This led to the great Early Modern Print : Text Mining Early Printed English website where there was an interface like the Google Books Ngram Viewer but for the EEBO-TCP corpus, called EEBO Spelling Browser (or more technically, EEBO-TCP Ngram Browser). With the delight of a researcher falling upon a new toy I started to play with it – but hadn’t even started when I was struck by the figure that is displayed when you navigate to the EEBO-TCP Ngram Browser page. It looks like this:

The idea of an ngram viewer – as per Google – is to look at the frequency of occurrences over time, of a word (a 1-gram) or a phrase (2-, 3-, 4- … N-gram). Frequency here means the proportion of the search phrase to all the words in the corpus, plotted over time. So for instance, the frequency of the word “war” rises during wartime, and falls in peacetime. But things get much more interesting when you look at less obvious things.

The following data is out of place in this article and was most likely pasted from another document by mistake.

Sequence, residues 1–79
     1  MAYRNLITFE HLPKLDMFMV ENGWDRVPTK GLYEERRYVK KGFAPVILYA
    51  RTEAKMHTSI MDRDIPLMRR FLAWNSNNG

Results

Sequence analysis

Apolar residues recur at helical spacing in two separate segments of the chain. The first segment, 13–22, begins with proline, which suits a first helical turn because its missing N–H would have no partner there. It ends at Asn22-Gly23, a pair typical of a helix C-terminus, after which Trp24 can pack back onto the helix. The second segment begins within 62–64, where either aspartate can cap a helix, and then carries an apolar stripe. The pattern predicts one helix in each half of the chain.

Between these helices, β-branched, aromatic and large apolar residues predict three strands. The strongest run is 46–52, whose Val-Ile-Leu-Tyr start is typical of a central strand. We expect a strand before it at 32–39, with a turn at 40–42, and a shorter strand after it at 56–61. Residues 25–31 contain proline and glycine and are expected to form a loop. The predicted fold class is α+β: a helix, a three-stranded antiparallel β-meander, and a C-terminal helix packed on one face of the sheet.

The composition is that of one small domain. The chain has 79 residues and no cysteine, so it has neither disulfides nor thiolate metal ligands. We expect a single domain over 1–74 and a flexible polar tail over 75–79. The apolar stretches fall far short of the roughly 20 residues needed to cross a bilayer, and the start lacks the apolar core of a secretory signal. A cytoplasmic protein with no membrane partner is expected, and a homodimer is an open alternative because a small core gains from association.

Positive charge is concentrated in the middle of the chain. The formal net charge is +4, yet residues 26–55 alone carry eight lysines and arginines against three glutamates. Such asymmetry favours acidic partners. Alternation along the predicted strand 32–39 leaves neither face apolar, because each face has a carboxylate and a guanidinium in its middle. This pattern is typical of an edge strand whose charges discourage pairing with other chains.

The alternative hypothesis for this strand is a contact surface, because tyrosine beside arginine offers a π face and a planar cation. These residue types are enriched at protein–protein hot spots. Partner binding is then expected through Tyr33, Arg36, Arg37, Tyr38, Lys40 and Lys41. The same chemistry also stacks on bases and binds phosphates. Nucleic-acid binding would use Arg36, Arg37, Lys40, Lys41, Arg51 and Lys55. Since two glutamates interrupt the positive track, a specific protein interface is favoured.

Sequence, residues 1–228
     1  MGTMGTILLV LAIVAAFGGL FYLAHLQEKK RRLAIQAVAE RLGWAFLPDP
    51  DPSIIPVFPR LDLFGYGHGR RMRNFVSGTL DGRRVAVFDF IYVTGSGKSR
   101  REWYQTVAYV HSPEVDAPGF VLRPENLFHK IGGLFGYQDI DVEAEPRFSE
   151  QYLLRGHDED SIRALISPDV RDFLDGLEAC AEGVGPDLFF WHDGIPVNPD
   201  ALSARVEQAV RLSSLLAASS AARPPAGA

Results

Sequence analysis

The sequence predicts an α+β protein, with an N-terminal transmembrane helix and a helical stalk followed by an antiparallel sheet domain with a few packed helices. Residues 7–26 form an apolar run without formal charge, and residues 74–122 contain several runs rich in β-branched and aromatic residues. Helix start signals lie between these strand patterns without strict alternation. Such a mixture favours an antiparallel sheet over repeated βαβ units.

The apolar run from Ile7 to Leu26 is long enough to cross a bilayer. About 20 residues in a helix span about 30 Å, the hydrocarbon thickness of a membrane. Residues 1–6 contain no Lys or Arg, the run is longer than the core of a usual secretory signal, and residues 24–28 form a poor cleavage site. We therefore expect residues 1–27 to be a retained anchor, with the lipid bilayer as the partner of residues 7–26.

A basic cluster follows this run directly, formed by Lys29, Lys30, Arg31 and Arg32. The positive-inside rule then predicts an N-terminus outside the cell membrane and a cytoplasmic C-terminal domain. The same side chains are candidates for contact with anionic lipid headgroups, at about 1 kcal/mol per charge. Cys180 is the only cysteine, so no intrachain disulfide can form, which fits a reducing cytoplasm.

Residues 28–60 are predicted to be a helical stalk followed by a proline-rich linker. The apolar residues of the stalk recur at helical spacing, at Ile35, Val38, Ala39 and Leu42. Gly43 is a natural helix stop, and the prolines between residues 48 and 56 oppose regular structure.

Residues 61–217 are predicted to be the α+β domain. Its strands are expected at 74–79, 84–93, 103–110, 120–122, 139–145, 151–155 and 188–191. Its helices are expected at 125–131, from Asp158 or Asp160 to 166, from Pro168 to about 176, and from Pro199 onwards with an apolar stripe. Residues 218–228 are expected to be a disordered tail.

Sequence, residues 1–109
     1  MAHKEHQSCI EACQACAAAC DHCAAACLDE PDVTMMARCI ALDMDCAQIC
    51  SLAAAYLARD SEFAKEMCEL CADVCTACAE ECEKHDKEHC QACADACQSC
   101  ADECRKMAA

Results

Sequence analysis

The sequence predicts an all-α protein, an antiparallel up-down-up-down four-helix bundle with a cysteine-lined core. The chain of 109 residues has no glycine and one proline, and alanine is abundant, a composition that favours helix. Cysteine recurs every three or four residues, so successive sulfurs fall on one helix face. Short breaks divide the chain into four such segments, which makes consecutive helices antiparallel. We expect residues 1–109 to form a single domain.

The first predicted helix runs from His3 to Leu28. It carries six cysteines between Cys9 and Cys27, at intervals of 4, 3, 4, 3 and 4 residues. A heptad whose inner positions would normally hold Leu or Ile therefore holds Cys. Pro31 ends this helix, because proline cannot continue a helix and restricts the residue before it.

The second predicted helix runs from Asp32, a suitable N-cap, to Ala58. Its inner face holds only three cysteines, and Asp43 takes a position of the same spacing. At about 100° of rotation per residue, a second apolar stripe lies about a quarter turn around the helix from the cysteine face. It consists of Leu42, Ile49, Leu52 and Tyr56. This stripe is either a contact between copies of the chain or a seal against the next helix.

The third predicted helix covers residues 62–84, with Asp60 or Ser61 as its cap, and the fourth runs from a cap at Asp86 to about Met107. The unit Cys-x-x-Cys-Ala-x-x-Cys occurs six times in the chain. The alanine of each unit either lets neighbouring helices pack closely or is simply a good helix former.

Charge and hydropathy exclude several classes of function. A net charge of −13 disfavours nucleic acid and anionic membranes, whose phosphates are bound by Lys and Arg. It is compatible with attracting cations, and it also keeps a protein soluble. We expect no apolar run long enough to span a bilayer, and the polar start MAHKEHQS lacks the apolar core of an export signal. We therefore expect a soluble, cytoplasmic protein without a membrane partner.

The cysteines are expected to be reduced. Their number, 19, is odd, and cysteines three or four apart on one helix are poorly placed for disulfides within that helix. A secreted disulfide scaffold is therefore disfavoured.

Anyway. The point of the EEBO-TCP spelling variant ngram viewer is to compare the change and development of spelling variants over time: for instance, plotting “spell” against “spelle”, “spel”, etc:

English spelling only became standardized in the 18th century, and anyone who wants to read earlier texts has to learn to deal with the fact that apparently all spellings were equally acceptable, and that writers haphazardly used the first spelling that came to their mind* – one of the most famous (or notorious) examples being how William Shakespeare signed his name in six different ways. Despite eventual standardization, spelling variation in English has not completely disappeared today, for although varying how you spell your name today sounds outrageous and unthinkable, all students of English as a foreign language have to learn that there are British and American spellings for many familiar words: colour and color, standardize and standardise, etc.

2. What the hell happened in 1625?